During the very first years, the overall production was uneven in both execution and style. Designs were primarily functional and occasionally somewhat clumsy copies of existing traditional items. Partly accounting for this is that the selection of designs for production was largely made by sales representatives and distributors rather than by a designer. In fact, it is fair to say that in this period there were very few moments of design innovation. Yet these moments serve as a clarion call for Blenko’s future and established a strong foundation for the company’s later success. In works of this period, one must look for the use of techniques that Blenko later expanded upon in more meaningful ways, works that hint at the company’s willingness to innovate and experiment. An excellent example of this would be the “Web” line. This line was vastly different from other things Blenko produced. It was adventurous, specific, and likely more costly to produce. A second example are designs that make use of the controlled bubble technique, most likely a result of the influence of the foreman Carl Erickson.
The most significant turning point in the company’s history was marked by the decision to hire a full time design director, Winslow Anderson, who began work in the late spring of 1947. Winslow Anderson was responsible for Blenko’s new designs from 1948 to 1953. Anderson was born in 1917. He graduated from Alfred University in 1947 and went directly to work for Blenko. His training was as a ceramicist; he had no glass knowledge, yet Blenko gave him free reign to design the line without any interference. For a company to demonstrate such faith in a designer was new, daring, and virtually unheard of. In doing this Blenko became an industry leader and role model. Anderson re-invented Blenko’s line, producing daring organic and free-form Scandinavian influenced designs. Anderson’s tenure also resulted in an entirely new type of product: non-functional sculptural designs. Anderson’s work laid the foundations for later designers and established Blenko’s vanguard reputation. He remained at Blenko until he was lured away by Lenox China.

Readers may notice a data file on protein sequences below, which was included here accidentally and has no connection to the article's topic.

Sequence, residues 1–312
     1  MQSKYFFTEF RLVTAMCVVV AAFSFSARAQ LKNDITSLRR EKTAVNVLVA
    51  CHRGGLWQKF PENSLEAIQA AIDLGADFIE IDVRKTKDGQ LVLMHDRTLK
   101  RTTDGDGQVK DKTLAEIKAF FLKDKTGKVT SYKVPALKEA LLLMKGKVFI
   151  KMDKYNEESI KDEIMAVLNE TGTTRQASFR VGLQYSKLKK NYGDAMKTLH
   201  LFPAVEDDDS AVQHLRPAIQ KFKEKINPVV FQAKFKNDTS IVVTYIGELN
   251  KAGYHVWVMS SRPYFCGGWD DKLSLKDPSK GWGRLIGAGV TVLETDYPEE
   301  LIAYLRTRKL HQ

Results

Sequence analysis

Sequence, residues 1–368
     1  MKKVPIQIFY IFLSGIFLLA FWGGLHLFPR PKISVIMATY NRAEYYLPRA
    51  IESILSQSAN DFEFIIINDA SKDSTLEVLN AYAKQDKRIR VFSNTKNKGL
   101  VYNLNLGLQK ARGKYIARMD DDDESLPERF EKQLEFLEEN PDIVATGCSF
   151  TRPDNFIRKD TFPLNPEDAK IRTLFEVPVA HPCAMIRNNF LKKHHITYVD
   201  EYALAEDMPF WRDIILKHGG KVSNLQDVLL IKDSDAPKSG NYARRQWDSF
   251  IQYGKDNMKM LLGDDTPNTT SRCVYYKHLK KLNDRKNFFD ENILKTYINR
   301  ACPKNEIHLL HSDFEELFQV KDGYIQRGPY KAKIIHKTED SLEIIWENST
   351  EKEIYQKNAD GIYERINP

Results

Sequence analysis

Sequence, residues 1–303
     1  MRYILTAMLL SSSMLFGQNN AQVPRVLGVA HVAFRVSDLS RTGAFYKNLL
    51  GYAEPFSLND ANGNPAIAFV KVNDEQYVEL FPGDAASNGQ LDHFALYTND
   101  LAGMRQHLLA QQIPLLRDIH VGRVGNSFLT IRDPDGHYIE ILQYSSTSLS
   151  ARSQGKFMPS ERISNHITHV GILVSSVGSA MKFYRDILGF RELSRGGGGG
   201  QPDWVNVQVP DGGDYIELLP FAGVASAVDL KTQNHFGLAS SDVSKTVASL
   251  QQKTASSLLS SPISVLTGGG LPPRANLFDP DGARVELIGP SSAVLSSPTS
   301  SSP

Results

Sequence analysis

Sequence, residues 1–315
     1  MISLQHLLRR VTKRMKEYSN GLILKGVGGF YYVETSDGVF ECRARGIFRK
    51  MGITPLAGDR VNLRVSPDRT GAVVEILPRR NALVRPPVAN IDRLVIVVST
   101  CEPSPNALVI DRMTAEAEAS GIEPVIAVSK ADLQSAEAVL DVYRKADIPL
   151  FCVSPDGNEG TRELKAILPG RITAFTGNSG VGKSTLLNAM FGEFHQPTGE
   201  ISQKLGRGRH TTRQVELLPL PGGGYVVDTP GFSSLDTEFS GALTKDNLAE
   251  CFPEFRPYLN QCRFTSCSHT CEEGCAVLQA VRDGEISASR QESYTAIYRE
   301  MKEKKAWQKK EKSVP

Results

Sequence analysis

Blenko’s second designer, Wayne Husted (b. 1927) was also a fresh graduate of the Alfred University ceramics program with no glass experience. Husted was responsible for Blenko’s new designs from 1954 to 1963. His design approach was much more extreme and sculptural, playing up non-functional designs. Husted’s legacy and signature works are his “architectural scale” floor pieces. These pieces, ranging in height from 27 to 38 inches tall were suited to being displayed as freestanding sculptures on the floor. The oversized scale and outrageous forms of these floor pieces are perfect Modernist icons – symbols of an era. Another important contribution of Husted’s was his figural works, which are more intimately scaled, whimsical, and unlikely forms of animals and people. Husted was both a maverick and an innovator whose work cemented Blenko’s place in glass history.
Joel Myers was Blenko’s next resident designer, responsible for Blenko’s new designs from 1964 to 1970 and part of 1971. Myers was a graduate of Parsons and Alfred University. Myers brought with him the instinct of a craftsman as well as designer, and his work demonstrates a more rational and progressive exploration of form and technique. The emerging Studio Glass movement and 60s psychedelic re-interpretation of Art Nouveau aesthetic both imparted strong influences on Myer’s designs. As Myers himself said, “Had I not been aware of the Toledo glass seminars I wonder if I would have seen the dual possibilities of producing glass myself while designing for the factory.” Without a doubt Myers is Blenko’s most famous and accomplished designer. Myers left Blenko to establish the glass department of Illinois State University. Today Myers ranks as one of the most exhibited and recognized glass artists in the world.